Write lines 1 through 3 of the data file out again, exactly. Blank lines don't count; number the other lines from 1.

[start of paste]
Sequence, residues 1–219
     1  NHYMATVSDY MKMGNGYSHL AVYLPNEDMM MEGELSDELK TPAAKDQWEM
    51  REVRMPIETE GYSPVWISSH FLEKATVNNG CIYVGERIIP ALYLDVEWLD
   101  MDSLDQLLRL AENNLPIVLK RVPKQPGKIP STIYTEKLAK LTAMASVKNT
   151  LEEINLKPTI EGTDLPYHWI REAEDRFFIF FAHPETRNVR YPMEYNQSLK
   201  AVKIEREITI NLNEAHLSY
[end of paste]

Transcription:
Sequence, residues 1–219
     1  NHYMATVSDY MKMGNGYSHL AVYLPNEDMM MEGELSDELK TPAAKDQWEM
    51  REVRMPIETE GYSPVWISSH FLEKATVNNG CIYVGERIIP ALYLDVEWLD